A magnitude 7 earthquake rocked the northwestern part of the main island of Luzon in the Philippines early Wednesday morning, according to the US Geolological Survey, damaging buildings and halting train operations in Manila, the capital where the tremors were also felt.
There were no immediate reports of injuries or deaths from the quake, which struck about 13 kilometers southeast of the town of Dolores in Abra province at a depth of 10 km, the US agency said on its website.
The Philippine Institute of Volcanology and Seismology (Phivolcs) reported at least six aftershocks ranging from magnitude 2.1 to 4 in Abra and Ilocos Sur.
Several ancient bell towers, churches and heritage houses, as well as cars and other properties got damaged by the quake, Senator Imee R. Marcos, who is from Ilocos Norte, said in a statement, citing unnamed sources.
Several main roads including Kennon, Paraiso, Pagudpud, Ilocos Norte and Apayao were also damaged, while much of the area did not have power after electrical transformers and transmission lines were hit, she added.
She urged police and the local disaster agency “to remain vigilant as aftershocks and storm surges or tsunamis are expected to follow.” “If necessary, preventive evacuation of coastal villages and landslide-prone zones should be undertaken swifly.”
Since 1970, 11 other earthquakes of magnitude 6.5 or larger have occurred within 250 km of Wednesday’s earthquake, the USGS said.
The largest of these earthquakes was a magnitude 7.7 earthquake on July 16, 1990 in Baguio City in Benguet province, where at least 1,600 people died and more than 3,000 were hurt, it added.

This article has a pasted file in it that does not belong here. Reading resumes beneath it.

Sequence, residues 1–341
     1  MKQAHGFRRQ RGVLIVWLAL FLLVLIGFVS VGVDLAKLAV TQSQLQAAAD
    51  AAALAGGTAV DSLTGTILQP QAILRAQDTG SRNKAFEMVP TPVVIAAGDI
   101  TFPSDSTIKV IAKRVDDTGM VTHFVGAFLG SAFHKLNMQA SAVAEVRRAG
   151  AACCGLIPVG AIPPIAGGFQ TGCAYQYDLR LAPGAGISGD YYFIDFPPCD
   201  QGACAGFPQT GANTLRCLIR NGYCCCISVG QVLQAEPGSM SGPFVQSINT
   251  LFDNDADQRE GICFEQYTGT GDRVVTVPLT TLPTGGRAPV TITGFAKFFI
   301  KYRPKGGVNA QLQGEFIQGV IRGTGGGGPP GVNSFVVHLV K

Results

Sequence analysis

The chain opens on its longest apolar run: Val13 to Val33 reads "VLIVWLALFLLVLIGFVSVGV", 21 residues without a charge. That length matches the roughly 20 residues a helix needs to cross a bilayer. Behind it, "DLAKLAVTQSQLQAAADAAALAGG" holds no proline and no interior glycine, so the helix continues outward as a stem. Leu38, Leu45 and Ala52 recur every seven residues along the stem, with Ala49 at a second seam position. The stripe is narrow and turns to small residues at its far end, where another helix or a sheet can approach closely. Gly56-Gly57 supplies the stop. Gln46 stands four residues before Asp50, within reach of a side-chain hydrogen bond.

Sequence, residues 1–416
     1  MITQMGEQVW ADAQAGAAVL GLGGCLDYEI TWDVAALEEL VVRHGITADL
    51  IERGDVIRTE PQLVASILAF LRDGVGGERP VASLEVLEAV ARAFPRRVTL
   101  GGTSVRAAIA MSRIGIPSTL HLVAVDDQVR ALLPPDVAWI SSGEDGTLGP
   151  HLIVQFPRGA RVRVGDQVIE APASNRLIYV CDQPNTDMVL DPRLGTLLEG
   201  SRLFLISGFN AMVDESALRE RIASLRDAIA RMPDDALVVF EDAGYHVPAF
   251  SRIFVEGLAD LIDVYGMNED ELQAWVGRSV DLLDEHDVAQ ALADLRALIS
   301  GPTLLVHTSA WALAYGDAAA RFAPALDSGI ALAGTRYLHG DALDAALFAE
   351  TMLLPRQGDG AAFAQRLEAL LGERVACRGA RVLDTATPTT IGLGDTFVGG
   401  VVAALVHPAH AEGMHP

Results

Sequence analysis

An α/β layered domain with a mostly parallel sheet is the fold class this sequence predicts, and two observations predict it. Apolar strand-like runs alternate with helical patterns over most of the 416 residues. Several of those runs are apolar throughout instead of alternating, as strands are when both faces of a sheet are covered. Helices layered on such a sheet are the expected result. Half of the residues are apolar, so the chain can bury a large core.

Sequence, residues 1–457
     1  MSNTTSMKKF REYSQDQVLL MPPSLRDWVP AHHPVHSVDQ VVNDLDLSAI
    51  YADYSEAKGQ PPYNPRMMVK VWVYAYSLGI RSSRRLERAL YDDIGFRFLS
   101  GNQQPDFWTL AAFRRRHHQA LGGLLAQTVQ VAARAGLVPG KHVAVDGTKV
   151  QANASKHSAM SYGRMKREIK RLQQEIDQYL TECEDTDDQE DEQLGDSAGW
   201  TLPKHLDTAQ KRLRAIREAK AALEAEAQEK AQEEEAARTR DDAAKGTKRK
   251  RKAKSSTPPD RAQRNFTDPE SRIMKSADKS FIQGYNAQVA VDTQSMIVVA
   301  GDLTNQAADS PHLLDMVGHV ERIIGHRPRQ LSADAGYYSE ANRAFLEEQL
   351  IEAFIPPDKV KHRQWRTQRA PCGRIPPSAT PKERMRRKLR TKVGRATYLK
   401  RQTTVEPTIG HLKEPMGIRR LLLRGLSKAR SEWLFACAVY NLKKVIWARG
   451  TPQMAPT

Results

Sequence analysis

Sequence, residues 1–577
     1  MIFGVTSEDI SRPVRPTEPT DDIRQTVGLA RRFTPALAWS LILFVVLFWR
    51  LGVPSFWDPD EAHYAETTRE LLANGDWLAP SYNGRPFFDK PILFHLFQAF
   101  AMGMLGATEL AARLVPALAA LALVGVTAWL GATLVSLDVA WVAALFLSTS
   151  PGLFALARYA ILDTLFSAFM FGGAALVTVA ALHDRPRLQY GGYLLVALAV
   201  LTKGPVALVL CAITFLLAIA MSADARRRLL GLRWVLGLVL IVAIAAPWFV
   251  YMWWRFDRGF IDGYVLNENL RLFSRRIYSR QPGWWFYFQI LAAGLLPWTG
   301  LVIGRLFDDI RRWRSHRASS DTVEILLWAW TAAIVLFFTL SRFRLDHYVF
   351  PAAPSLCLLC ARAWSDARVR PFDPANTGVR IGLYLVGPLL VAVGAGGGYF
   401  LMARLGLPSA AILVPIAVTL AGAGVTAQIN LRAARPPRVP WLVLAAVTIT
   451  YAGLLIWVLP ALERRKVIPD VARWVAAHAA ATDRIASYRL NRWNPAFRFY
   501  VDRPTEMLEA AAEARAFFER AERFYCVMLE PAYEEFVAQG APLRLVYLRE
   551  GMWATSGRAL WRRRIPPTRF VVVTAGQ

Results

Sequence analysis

The 1990 earthquake also caused landslides in the Baguio-Cabanatuan-Dagupan area.
The Wednesday quake was also felt in the capital region, where several buildings were evacuated and the rail system was halted during rush hour.
“Any earthquake at magnitude 7 is considered a major earthquake,” Renato Solidum, head of the state seismology agency, told a news briefing streamed live on Facebook.
More aftershocks are expected in the next two days, he said. “Strong intensities are still possible.”
“I urge everyone to stay alert and to prioritize safety in light of the possibilities of aftershocks that might be felt after that strong earthquake,” Abra Rep. Ching B. Bernos said in a statement. “We are monitoring the situation on the ground and gathering information on the extent of the damage to the province.”
President Ferdinand R. Marcos, Jr. will only visit areas “where his presence is necessary,” Press Secretary Trixie Cruz-Angeles told a news briefing. “Let’s make an assessment first.”
The Philippines lies in the so-called Pacific “Ring of Fire,” a belt of volcanoes around the Pacific Ocean where most of the world’s earthquakes strike. — Norman P. Aquino, Kyle Aristophere T. Atienza, Alyssa Nicole O. Tan and Matthew Carl L. Montecillo